Wednesday, November 30, 2011

How to be out of your comfort zone

I've been going through some stuff lately that I'm sorry to be cryptic about, but it's safe to say that I'm so far out of my comfort zone I don't even know where it is anymore.  I feel like I'm walking around wide open and vulnerable, with my heart in my stomach and my stomach on the verge of spilling out of my mouth.  It's scary and it hurts but you know what, it's also thrilling and oddly right. Because shutting down and being closed off is worse.  It might feel less chaotic, you might even be more able to pass as a normal functioning member of society, but I'm not so interested in that these days. (And to those of you who've gingerly suggested that I try counselling - it's ok - I'm not gonna break if you're honest with me and it's ok, I'm already in counselling.)  Plus, I'm like maybe growing and shit?

So I alternate between grinning like a fool and wanting to curl up in a ball under my duvet, or wanting to go climb a mountain (or a wall) and wanting my Mum (you know, in between changing nappies, clearing out the litter tray, making jam tarts and generally being at the beck and call of a "tiny overlord").  I'm listening to music and poetry when I can, the latter of which consoles and terrifies me in almost equal measure.  Three times this week I picked up a book, read a poem and found myself in tears at the end - gut-wrenching, sobbing tears.  And when a friend hinted that I too might feel grief, I became indignant, took umbrage with being patronised, ranted and then realised she'd hit a nerve.  Oops.  But I'm here.  I'm trying not to escape, trying not to push the feelings away or bury them, which is what I usually do.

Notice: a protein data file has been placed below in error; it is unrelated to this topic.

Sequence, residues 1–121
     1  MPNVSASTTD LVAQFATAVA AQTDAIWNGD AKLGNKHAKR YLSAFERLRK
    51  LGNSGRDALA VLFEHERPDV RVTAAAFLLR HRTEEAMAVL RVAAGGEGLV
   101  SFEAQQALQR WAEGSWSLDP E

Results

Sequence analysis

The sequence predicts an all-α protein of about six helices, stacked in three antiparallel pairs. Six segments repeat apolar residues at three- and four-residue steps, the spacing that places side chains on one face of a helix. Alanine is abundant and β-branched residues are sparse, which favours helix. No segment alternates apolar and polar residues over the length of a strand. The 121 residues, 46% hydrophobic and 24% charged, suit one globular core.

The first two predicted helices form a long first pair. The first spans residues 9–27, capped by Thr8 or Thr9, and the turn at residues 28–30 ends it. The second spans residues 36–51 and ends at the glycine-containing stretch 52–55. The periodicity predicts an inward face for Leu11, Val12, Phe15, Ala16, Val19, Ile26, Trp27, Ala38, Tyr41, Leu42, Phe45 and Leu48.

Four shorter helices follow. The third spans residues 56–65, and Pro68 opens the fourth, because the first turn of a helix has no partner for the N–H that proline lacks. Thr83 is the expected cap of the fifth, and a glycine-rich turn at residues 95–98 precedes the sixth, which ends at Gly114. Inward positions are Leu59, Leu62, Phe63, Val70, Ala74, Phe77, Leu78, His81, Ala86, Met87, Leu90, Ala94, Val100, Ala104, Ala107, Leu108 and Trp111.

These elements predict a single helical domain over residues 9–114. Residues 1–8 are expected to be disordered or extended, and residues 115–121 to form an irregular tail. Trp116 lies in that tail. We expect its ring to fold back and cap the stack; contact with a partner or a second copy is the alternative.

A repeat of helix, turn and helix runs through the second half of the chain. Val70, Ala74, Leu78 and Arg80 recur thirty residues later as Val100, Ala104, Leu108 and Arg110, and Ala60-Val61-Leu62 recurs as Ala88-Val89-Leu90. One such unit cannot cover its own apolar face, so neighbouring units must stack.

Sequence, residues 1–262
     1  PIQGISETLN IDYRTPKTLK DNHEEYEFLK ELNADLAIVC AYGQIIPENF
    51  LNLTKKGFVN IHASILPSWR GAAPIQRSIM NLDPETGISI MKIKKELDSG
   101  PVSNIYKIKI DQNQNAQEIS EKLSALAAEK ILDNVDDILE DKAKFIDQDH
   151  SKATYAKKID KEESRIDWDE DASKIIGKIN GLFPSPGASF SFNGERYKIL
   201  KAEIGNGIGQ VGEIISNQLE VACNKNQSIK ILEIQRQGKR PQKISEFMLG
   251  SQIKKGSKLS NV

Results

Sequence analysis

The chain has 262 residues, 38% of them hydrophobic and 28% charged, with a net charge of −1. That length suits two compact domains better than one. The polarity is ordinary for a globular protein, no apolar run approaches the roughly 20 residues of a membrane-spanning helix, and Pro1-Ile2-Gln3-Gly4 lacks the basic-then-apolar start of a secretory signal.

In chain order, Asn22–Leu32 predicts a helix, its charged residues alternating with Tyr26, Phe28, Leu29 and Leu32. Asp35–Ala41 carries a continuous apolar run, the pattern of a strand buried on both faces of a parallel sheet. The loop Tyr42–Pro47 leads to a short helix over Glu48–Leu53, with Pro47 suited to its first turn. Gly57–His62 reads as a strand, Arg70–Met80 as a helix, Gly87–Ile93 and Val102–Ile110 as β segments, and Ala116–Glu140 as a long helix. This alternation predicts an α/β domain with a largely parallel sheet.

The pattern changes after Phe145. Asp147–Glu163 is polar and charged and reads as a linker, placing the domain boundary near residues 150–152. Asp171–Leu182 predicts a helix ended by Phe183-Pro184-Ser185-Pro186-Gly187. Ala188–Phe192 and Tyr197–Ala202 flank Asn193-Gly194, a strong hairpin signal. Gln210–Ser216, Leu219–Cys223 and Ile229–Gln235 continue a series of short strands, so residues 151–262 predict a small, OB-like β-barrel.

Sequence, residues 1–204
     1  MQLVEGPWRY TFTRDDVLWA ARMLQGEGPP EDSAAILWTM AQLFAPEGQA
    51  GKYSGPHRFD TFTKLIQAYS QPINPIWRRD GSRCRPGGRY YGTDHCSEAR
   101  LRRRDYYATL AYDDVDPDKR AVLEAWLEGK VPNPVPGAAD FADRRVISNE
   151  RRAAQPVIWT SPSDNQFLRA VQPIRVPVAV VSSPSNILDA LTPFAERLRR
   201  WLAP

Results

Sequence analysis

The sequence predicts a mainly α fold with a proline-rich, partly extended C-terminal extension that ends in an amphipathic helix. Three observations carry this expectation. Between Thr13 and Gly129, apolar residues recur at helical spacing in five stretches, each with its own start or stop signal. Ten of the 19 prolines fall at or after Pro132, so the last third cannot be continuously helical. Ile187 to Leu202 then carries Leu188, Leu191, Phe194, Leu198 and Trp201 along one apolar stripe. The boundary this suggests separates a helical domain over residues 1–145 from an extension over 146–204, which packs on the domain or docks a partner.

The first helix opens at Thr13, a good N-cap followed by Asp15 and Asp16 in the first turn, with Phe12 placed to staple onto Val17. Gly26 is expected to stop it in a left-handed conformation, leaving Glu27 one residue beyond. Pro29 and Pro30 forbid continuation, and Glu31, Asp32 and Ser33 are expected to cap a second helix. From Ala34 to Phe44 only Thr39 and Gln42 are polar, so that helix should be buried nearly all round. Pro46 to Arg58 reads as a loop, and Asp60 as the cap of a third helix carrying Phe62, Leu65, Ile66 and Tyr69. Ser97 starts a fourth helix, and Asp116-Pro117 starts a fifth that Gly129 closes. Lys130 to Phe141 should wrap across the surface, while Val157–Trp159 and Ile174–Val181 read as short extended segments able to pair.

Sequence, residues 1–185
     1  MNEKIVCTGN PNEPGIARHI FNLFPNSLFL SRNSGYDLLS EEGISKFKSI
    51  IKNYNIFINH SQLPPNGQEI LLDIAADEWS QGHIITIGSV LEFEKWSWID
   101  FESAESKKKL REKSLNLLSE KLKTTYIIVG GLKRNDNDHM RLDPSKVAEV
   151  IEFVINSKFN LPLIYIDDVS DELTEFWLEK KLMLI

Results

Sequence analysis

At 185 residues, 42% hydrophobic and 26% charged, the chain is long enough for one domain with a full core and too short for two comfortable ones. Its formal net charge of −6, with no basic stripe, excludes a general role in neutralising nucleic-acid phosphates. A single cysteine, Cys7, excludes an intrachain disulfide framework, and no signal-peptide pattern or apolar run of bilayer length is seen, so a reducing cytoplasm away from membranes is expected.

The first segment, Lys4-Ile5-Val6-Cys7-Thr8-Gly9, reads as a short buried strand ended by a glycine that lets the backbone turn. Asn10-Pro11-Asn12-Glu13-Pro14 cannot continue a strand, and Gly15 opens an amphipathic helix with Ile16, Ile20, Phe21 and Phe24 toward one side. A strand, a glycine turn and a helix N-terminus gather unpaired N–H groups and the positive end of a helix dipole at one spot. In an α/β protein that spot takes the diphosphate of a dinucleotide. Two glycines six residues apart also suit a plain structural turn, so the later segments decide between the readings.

So how am I doing it?  Like a wriggly worm.  But here are some of my guides:

"Chaos should be regarded as extremely good news." (because it's an opportunity to wake up) - Chogyam Trungpa Rinpoche

"Hold your beliefs lightly. ~ Sometimes our very human desire for meaning, can get in the way of having a good experience of the world." - Grayson Perry

(I'd go a little bit further and say that our very human desire for certainty can get in the way of having a true experience of the world, good or bad, happy or sad, painful or joyful - and it's never one or the other.)

The poems of Mary Oliver, in particular Wild Geese and In Blackwater Woods.  Plus Kindness by Naomi Shihab Nye and many by Sharon Olds.

"Be grateful to everyone. ~ Others will always show you exactly where you are stuck.  They say or do something and you automatically get hooked into a familiar way of reacting - shutting down, speeding up, or getting all worked up.  When you react in the habitual way, with anger, greed, and so forth, it gives you a chance to see your patterns and work with them honestly and compassionately.  Without others provoking you, you remain ignorant of your painful habits and cannot train in transforming them into the path of awakening." - From the teachings of Pema Chodron

"Real security is not only being able to tolerate mystery, complexity, ambiguity, but hungering for them and only trusting a situation when they are present." - Eve Ensler from Insecure at Last.

And finally, laughter.  Cos you gotta have balance, even if most of the time, it feels like I'm falling off the beam.


Helen said...

Sending you all the very best thoughtwaves for staying on the beam...and I quite agree about Sharon Olds.
Look after yourself x

Amy said...

If it has to be scary and painful, I'm very glad to hear that it's also thrilling and right. (And wow, that Eve Ensler quote is rather amazing. Comforting and disquieting at the same time, which I suppose is precisely the point.)

changapeluda said...

oh my beautiful friend! you are busted Wide open like a bigfat juicy bright pomegranate of love!